Too much speed in inexperienced
by Bob Violett
travels to 10-12 events per year and through our representatives throughout the
U.S. we have observed or hear about most of the turbine jet crashes.
Many of these crashes could have been avoided
if the speed of the model was dialed down to the experience level of the pilot
and that of the builder of the model.
It takes years of flying and building experience to be able to
safely operate a complex, heavily power loaded turbine model.
The current AMA waiver system allows any
applicant who has filled out the paperwork to operate a high performance jet -
almost without limits. It is basically a license to go 200 mph without actually
demonstrating the capability to do it safely.
Many modelers who are currently entering the
turbine era have limited building and flying experience. In many cases they
have entered the hobby with ARF models that may fly 120 mph at best. These are
light loaded, 4 channel airplanes offering little challenge to assemble and
cannot be bought - it can only be acquired with time and dedication to the
task. The "need for speed" can be satisfied in a safe manner only after
the required experience has been gained.
Doesn't it make sense to utilize the technology of speed limiting
devices or dial down the thrust until the pilot's skills catch up with the
model's ultimate capability?
practical way to do this is to incorporate a throttle-to-throttle mix in your
transmitter, activated by the retract or flap switch, that allows full power
for take-off and then a much reduced setting for flight.
This also facilitates a throttle position more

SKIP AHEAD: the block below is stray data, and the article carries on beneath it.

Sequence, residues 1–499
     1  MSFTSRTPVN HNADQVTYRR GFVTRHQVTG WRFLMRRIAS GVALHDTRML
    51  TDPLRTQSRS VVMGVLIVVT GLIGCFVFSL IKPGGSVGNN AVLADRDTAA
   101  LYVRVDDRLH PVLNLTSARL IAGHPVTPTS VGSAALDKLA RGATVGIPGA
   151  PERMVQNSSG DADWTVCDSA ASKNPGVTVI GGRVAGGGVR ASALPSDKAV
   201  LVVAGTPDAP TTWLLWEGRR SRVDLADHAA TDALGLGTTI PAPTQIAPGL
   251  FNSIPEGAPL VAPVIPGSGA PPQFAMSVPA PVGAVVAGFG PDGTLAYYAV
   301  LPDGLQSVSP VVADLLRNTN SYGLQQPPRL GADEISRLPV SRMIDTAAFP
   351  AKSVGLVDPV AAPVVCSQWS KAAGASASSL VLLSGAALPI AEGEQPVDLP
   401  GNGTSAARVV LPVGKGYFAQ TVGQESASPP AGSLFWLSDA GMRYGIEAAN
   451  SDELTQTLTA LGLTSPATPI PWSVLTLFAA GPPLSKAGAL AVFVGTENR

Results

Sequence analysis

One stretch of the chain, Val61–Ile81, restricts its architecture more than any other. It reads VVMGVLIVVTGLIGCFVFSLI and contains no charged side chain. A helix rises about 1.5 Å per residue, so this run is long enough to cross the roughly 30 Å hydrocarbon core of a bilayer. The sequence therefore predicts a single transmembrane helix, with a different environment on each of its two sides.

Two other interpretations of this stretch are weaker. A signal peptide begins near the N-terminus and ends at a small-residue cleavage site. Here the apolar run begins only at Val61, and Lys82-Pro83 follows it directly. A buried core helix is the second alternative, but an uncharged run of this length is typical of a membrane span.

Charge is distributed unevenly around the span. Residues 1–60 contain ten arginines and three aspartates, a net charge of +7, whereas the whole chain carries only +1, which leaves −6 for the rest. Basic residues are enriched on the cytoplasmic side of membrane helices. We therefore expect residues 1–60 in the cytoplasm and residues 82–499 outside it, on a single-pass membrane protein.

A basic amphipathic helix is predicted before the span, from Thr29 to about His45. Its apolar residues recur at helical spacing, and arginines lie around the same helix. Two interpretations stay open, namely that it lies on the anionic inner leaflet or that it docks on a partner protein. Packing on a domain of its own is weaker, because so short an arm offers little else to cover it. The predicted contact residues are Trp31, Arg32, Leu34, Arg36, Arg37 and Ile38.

closely related to model speeds that the pilot is familiar with.
for a BVM Bandit weighing 19+ lbs with RAM 750, AMT AT-180, or Jet-Cat
Take off power - 17 pounds of thrust,
the ultimate top end speed will be approximately 230 to 240 mph.
power - 11 pounds of thrust, the ultimate top end speed will be approximately
to suggest that if the pilot trainee has experience with 120 mph models, then
that should be his limit until stick time and experience justifies
Operating at reduced power
also increases the time to reach the ultimate velocity allowing the
pilot-in-training more time to react to the acceleration.
Throttle management is the single, most
different, required skill for flying a turbine jet. Operation at reduced power
will allow this required skill to be obtained in an orderly and safe
We have observed AMA
turbine waiver approved pilots take off, loose visual orientation, crash and
burn within seconds and they never even pulled the throttle back, proving that
written rules and completed paperwork are not sufficient for safe
Knowing and respecting the
limits of the model and the current skills of the pilot are key to avoiding
these unnecessary, costly and potentially dangerous to our sport, occurrences.
We are all, always in
see a flight of F-18's, F-16's or F-15's fly over, they are either on the way
to, or returning from a "training mission".